• Artwork
  • Complexity
  • Replayability
  • Player Interaction
  • Component Quality

You Might Like

Might Not Like

Zatu Score

92%

Buy Now

Find out more about our blog & how to become a member of the blogging team by clicking here
Excellent
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Zatu Games is rated 4.90 based on 9488
Reviews

So far so good. Orders are delivered quickly and the service is excellent.

So far so good. Orders are delivered quickly and the service is excellent.

I usually buy my board games from my local store but decided too explore the wonders of the Internet for my Christmas gift idea! By doing so I came across this orange website in which I seemed dubious of at first but after reading some of the reviews and doing some research, I found I couldn't get a deal better anywhere else! This delightful orange website called Zatu games delivered my gift, too which I ordered within 5 minutes, my gift came within 3 days tightly packaged and sealed up with zato tape. I would definetly order from here again in the future.

I usually buy my board games from my local store but decided too explore the wonders of the Internet for my Christmas gift idea! By doing so I came across this orange website in which I seemed dubious of at first but after reading some of the reviews and doing some research, I found I couldn't get a deal better anywhere else! This delightful orange website called Zatu games delivered my gift, too which I ordered within 5 minutes, my gift came within 3 days tightly packaged and sealed up with zato tape. I would definetly order from here again in the future.

Initially ordered from Zatu because of the good prices but they’re now my go to vendor because of the excellent service. Quick delivery and they keep you up to date on how your order is progressing. Packaging is perfect so games arrive safely.

Initially ordered from Zatu because of the good prices but they’re now my go to vendor because of the excellent service. Quick delivery and they keep you up to date on how your order is progressing. Packaging is perfect so games arrive safely.

Never heard of the company before. As a emerging board game fan I am pleased to find they have a large range of games and even have a reward scheme, which is great. Will be back to buy for myself in the New Year (bought a Christmas present).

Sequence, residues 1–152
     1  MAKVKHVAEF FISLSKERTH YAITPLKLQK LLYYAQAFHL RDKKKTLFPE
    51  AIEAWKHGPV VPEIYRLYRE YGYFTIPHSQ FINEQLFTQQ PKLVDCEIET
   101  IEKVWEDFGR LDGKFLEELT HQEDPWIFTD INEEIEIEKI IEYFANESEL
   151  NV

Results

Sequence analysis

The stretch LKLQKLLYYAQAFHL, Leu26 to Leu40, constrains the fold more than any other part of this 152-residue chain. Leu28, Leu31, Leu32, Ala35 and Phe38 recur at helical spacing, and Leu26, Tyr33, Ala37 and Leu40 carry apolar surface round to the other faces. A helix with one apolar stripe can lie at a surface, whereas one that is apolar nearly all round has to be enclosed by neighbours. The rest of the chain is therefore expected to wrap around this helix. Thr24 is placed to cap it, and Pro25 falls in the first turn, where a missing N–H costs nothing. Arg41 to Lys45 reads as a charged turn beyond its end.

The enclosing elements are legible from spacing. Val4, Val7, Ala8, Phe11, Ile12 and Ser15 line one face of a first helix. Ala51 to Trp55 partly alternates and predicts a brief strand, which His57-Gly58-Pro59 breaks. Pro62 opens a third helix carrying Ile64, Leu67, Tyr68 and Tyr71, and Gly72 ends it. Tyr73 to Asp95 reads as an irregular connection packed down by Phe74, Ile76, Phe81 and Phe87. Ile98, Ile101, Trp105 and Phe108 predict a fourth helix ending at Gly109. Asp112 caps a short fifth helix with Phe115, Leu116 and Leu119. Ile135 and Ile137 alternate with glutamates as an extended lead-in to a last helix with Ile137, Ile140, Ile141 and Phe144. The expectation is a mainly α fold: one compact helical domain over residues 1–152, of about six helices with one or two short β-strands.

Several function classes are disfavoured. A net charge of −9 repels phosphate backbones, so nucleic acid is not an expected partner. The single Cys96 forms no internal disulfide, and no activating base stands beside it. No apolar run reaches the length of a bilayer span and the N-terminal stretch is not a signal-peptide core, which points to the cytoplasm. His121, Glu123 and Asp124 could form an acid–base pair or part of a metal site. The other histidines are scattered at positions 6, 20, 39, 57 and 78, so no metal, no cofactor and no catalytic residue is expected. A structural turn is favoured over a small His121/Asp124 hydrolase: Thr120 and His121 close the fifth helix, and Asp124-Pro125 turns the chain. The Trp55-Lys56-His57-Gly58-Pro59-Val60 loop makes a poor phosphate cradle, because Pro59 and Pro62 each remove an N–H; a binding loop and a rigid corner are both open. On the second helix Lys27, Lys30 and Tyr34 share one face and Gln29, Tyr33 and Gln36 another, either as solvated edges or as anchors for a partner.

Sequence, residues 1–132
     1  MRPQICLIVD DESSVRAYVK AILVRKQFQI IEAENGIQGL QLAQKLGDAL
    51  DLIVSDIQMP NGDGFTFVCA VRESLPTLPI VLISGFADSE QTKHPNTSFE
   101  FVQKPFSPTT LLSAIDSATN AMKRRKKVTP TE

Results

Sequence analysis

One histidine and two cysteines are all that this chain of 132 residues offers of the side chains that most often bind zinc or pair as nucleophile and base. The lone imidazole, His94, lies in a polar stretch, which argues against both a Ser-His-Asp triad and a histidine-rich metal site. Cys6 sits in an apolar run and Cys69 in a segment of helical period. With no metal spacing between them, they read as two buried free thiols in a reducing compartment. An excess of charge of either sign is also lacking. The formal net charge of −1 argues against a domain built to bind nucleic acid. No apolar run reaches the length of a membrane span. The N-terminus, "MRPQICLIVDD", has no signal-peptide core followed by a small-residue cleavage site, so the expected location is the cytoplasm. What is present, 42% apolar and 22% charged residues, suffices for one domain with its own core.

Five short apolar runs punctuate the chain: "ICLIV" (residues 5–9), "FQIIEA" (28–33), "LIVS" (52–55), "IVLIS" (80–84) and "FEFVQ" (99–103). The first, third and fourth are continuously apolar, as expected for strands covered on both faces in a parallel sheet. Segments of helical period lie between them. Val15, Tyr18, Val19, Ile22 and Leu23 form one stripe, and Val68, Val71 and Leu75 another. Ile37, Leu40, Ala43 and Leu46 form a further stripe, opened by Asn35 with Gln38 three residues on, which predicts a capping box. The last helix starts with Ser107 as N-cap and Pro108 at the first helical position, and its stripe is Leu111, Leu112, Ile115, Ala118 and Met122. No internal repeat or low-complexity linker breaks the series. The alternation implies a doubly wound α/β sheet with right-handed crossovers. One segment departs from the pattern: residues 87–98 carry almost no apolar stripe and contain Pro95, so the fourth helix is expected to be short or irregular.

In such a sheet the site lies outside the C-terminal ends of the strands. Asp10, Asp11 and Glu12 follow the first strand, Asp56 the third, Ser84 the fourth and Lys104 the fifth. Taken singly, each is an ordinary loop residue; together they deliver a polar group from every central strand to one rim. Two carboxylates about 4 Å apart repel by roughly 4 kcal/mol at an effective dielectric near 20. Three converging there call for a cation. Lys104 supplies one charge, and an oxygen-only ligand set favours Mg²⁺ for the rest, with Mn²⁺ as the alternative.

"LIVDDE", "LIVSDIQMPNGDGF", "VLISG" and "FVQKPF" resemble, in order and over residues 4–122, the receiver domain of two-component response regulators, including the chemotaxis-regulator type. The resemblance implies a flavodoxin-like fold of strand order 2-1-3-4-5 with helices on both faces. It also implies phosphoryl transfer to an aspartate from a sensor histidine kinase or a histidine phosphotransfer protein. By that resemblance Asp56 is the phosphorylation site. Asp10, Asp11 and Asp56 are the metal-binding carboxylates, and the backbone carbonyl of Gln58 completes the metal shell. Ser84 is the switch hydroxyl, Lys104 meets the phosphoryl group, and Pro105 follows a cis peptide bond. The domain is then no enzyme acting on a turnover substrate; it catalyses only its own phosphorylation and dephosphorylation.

Never heard of the company before. As a emerging board game fan I am pleased to find they have a large range of games and even have a reward scheme, which is great. Will be back to buy for myself in the New Year (bought a Christmas present).

Great selection of games, reasonably priced and easy to order. Waiting for delivery now.

Great selection of games, reasonably priced and easy to order. Waiting for delivery now.

Very easy to use, a great choice and great value.

Very easy to use, a great choice and great value.

Very pleased with the way it was wrapped and the delivery arrived when it said it would. This is a Christmas present for my grandson, so will let you know how the game went . Thank you once again xxx would buy from your company again.

Very pleased with the way it was wrapped and the delivery arrived when it said it would. This is a Christmas present for my grandson, so will let you know how the game went . Thank you once again xxx would buy from your company again.

Parcel was processed and despatched quickly.

Parcel was processed and despatched quickly.

I received my order in good time and condition. Thanks

I received my order in good time and condition. Thanks

First time using Zatu and rather impressed. Easy to navigate store, good prices and speedy delivery.

First time using Zatu and rather impressed. Easy to navigate store, good prices and speedy delivery.